The analysis included 45 samplesof products packed in containers made from polyethylene terephthalate. Thesamples were divided into 5 groups: group 1 (N=9), soft drinks preserved withorthophosphoric acid; group 2 (N=14), soft drinks preserved with Na-benzoate;group 3 (N=5), soft drinks preserved with K-sorbate; group 4 (N=8), soft drinkspreserved with a combination of Na-benzoate and K-sorbate; and group 5 (N=9),mineral water without preservatives.T he samples were analyzed by the method of gas chromatography.The highest rate of migration to soft drinks was recorded for dimethylphthalate, ranging from 53.51 to 92.73 % that fact is also supported by theexperiment of (Keresztes, Tatár, Czégény,Záray, & Mihucz, 2013), whereas dibutyl phthalate anddiethylhexyl phthalate showed highest rate of migration to the mineral water(56.04 and 43.

42 %, respectively). The highest level of phthalate migrationfrom plastic containers to soft drinks was found in the products preserved withK-sorbate.  Definitely the phthalate leechability depended on the ph value of the sample.

With the lower ph values themigration levels were higher. Dimethyl phthalate showed highest migration topreserved drinks as an acidic medium.  Almost inevery beverage or soft drink an acidic media is used to store the drink.(Embedded carbon di-oxide media which gives low PH value to the sample)  (Bošnir et al., 2007) There were studies that were conducting using soda and vinegar and sameconclusion was drawn at that time.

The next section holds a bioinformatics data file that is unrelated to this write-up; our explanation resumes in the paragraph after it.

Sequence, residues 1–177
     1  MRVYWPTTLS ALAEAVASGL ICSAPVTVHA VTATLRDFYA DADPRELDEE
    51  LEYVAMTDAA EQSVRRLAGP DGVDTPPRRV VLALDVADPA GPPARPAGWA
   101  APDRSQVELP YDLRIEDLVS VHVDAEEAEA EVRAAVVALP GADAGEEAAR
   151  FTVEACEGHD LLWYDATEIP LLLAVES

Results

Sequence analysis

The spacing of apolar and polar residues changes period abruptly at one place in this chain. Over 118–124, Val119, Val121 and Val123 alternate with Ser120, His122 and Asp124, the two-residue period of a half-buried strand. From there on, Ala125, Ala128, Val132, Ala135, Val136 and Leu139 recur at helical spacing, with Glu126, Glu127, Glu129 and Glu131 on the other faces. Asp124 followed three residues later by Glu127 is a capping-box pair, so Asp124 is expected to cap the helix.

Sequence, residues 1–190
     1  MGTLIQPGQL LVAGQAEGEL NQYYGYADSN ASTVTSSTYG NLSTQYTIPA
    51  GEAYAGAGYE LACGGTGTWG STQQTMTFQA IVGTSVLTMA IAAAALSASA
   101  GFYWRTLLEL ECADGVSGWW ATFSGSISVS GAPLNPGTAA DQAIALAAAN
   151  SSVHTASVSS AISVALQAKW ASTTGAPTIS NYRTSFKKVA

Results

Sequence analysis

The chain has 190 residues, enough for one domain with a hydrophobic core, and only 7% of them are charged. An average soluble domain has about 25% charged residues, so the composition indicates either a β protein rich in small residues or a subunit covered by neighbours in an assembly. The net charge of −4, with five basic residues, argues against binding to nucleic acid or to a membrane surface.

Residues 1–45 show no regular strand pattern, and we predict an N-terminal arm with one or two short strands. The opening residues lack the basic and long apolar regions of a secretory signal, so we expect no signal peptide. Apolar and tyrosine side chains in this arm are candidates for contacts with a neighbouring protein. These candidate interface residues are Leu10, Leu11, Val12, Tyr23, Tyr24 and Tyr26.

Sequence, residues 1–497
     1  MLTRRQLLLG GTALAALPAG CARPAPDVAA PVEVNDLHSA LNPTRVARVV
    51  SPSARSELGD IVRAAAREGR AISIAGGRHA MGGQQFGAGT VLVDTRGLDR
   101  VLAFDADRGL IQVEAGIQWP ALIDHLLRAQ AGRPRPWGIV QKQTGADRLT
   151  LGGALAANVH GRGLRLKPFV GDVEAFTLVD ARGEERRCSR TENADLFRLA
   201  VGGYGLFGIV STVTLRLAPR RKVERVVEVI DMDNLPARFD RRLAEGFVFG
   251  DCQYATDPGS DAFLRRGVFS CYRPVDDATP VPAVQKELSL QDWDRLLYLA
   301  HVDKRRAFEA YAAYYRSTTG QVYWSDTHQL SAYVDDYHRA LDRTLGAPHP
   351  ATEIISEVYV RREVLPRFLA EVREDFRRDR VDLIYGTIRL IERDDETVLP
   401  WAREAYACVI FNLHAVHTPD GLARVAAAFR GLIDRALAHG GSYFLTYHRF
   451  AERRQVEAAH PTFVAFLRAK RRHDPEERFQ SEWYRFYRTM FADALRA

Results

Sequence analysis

(Sax, 2010)When it comesto phthalate level in drinking water the maximum level of DEHP is 6.0 ?g /l by US EPA (2009) standards. Most of the samples(80%) analysed are below that limit at purchase but after two weeks of storageat room temperature only 20% are below the regulation. Furthermore if we consider the limit of World Health Organisation(WHO), which is 8.0 ?g/l, all the water samples at purchase time were belowregulation for DEHP concentration. Also he foundout there is effect on whether the polymer is virgin type or recycled polymer.

 Concentration of the phthalates is increased by time andtemperature. Here they used 3 conditions at purchase, water stored at fridge (40C) and water stored at room temperature (240C). Even the samples arestored at low temperature it appears a slightly increasing in each compoundconcentration. In naturalmineral water samples growth rate of phthalates concentration is higher thanthe carbonated water samples.